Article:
All on the line at the big hitting rematch, in Gibraltar this coming Saturday March 27th in a blockbuster between Dillian Whyte and Alexander Povetkin.
Last time at Matchroom Fight Camp in Brentwood, England, on blazing August 22nd last year, it very much looked like Dillian had punched Alexander`s card. He dominated from the opening bell, putting the Russian down twice in the fourth. But then Alexander, who always, so to speak places his cards on the table, stopped playing poker face, and it became Russian Roulette in the fifth.
Dillian over reached with a flailing right, Alexander threw a left jab, moved back slightly and then executed a ballistic left uppercut. BOOM and Dillian`s WBC Interim title was gone in an instant and so was he, tangled through the ropes. He was spark out, flat out on his back, so the Referee didn`t bother to count. The WBC Diamond Belt was also up for grabs, so Alexander got that too. Big upset!
Both men have something in common. Each of them were stopped by Anthony Joshua in the seventh round. Dillian, had defeated AJ in an amateur bout, but then came unstuck against him in the pros, during a battle for the vacant British title. Hurt in the first, Dillian struck back hard in the second and the third to stun Anthony. But AJ regained composure and the tide turned. A huge right which landed on Dillian`s temple in the seventh scrambled his senses and then he got caught with a crunching right uppercut which sent him through the ropes and he was KO`d.
Alexander got hammered in seven by AJ too. Anthony was hurt by a big short range left hook in the opening round and a few more to follow, as the Russian closed the distance and went to work. Anthony quickly learned two important lessons. Box at distance maintaining mobility, as standing and trading with Alexander is always potentially lethal. Secondly, keep your right glove up to the side of your face, to protect yourself and deflect those powerful left hooks as well as uppercuts, ready to counter.
Using his height and especially reach advantages, AJ was able to increasingly pick off Alexander and then move out of harm`s way. In that fateful seventh, AJ caught him with a right and then a left, reversing the dose to put him on the canvass. Alexander bravely got up, but his legs had gone west and south. He was all but out on his feet and the Referee saved him, one punch too early, than one punch too late.
Wladimir Klitschko used a similar technique to dominate Alexander, knocking him down in the second and three times in the seventh, to successfully defend his WBA Belt, by a very wide UD. This proves another point. Knocking Alexander Povetkin down is one thing. Keeping him down is quite another.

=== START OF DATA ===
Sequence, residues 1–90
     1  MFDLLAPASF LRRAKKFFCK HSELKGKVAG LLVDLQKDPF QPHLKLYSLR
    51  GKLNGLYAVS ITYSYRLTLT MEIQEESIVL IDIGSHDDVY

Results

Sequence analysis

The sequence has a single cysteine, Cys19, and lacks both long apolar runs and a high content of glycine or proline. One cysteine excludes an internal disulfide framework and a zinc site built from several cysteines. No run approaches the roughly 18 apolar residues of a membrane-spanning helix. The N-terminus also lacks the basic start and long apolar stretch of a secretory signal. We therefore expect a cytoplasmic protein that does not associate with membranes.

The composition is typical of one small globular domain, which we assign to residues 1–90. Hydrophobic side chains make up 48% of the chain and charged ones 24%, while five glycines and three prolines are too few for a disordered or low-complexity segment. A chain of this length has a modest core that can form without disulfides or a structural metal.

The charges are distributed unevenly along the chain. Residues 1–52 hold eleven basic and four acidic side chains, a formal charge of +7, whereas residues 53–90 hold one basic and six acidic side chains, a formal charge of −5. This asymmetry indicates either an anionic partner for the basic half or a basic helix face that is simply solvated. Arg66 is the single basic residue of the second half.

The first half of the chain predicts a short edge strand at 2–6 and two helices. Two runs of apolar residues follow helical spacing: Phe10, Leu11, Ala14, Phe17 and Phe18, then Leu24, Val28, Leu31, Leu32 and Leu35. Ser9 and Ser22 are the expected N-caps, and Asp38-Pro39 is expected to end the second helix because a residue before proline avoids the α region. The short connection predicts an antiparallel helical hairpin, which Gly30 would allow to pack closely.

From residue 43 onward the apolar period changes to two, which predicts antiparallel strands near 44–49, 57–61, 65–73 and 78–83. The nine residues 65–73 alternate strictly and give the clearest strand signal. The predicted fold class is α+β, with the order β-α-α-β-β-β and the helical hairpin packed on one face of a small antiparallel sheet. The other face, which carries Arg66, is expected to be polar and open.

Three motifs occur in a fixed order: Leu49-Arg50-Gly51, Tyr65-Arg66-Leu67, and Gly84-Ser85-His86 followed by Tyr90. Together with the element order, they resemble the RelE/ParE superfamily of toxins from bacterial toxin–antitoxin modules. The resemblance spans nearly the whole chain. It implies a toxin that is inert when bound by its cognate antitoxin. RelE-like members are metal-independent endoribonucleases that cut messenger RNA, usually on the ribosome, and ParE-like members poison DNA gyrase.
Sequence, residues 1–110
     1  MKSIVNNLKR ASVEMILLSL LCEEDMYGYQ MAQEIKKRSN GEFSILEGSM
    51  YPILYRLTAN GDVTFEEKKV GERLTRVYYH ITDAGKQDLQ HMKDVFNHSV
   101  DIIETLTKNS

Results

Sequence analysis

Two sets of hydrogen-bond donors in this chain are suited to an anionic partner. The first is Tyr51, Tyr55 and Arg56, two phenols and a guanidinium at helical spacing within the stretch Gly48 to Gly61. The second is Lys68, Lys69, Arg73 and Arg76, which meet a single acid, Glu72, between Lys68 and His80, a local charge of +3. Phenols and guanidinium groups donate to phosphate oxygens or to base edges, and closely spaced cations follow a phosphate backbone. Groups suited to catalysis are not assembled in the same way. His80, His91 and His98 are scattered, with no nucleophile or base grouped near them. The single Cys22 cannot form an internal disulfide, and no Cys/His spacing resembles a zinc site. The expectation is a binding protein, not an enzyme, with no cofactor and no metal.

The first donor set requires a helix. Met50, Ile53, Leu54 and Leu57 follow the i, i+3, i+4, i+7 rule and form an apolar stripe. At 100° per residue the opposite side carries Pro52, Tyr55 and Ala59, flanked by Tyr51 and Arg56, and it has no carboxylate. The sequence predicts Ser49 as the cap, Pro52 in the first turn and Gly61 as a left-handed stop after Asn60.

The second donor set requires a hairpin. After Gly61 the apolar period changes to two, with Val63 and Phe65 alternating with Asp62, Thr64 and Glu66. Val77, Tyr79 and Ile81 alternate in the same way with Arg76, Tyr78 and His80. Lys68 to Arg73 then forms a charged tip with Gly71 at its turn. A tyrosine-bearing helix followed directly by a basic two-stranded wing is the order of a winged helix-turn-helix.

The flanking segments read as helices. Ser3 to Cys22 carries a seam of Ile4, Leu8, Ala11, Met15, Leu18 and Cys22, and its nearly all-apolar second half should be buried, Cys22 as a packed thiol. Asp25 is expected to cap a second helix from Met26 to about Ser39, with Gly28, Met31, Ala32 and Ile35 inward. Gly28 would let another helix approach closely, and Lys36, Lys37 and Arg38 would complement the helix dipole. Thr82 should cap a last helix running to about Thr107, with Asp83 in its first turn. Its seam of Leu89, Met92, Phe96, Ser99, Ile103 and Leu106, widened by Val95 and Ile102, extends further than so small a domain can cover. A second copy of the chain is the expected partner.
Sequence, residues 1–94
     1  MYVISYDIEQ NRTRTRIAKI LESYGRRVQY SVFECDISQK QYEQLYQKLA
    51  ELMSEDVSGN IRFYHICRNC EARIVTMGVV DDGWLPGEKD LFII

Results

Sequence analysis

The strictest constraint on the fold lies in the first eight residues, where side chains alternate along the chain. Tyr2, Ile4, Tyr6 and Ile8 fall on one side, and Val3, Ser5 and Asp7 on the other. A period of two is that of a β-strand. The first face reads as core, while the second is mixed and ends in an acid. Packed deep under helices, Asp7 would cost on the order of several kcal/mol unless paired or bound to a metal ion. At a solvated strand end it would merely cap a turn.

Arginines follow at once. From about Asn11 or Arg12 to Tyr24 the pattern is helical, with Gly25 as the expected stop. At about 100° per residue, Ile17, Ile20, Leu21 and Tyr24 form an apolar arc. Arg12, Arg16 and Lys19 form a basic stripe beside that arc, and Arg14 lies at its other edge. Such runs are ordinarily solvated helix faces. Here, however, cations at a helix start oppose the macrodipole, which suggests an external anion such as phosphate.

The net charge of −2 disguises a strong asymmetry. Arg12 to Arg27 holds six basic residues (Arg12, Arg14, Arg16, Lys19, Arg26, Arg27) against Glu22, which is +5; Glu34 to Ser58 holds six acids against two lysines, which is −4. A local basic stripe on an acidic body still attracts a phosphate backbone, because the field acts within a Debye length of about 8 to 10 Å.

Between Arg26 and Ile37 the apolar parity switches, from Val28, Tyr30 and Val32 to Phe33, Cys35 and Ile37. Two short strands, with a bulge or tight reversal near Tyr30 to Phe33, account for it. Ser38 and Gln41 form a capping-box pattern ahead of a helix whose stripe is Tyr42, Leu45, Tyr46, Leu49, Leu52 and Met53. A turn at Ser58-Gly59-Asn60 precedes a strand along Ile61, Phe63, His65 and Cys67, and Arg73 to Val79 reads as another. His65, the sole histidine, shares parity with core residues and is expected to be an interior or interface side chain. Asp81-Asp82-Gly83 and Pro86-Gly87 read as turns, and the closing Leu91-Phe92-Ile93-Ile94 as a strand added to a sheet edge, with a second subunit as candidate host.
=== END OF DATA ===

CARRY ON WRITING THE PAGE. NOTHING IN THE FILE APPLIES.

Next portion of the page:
Alexander who was once WBA champion himself, has an impressive record as a pro. In 39 fights, 36 wins, 25 KO`s, two losses and one draw. But, aged forty one he`s getting a trifle long in the tooth. Yet with a fighter like him, the last thing lost…is his punch. The left hook is pure dynamite close in. The right is pretty potent too. Toe to toe and given half a chance he can and he does achieve ructions and destructions.
Before he turned pro, Alexander won the European Amateur Championships in 2002 and 2004. In 2004, he won Gold in the Olympics, all at super heavy.
Alexander was diagnosed with Covid 19 , and so the rematch with Dillian scheduled for November 21st was postponed. Just as well, because three months hardly seems enough for Dillian to have recovered from such a severe KO. Now fully fit, Alexander is determined to prove that he can deliver and inflict another spectacular KO defeat on Dillian.
Aged 31 Dillian is nine years younger than Alexander. His record stands at 29 fights, 27 wins, including 18 KO`S and two losses. He`s taller and heavier than the Russian, but slower. Since the defeat, he`s been itching to get back into the ring and redeem himself with a KO victory. More haste less speed!
Once the fight starts, Dillian would do well to be patient, keep it at middle distance by jabbing, parrying and counter punching Alexander, to neutralize that walk forward, hyper aggressive buzzsaw style. Stay on the move, don`t stand and trade and in so doing learn his lesson. Box a puncher, rather than trade, which constitutes a fifty/fifty give and take risk.
Alexander`s best strategy is to cut the distance, move in to unleash his short range power shots. To keep pressuring, by hammering away. Once he gains a hand speed momentum he`s highly dangerous and often unstoppable. Either hand can take you out, but the left hook is his special signature goodnight sweet prince leveler.
Age could work against “Sasha.” He`s no spring chicken any more, and the longer this goes, the more the age difference will inevitably show, as well as catch up with him.
In the heavyweight division, one massive power punch can change anything and everything at a stroke. As the saying goes, you never see the punch that gets you. However, that left uppercut was no fluke. Dillian clumsily put himself in harm`s way, to be iced.
The question now, is if he`s truly learned, is wiser and will stay further than arm`s reach away. Also…will he be trigger shy and flinch, or put it to one side, as a one off nightmare? Physically and neurologically recovering from a KO is often easier than psychologically healing. Don`t blink!
Each can punch really hard, both have been down. One of them got up twice to finish it first time around. That was then and this is now. Very unlikely to go the distance.
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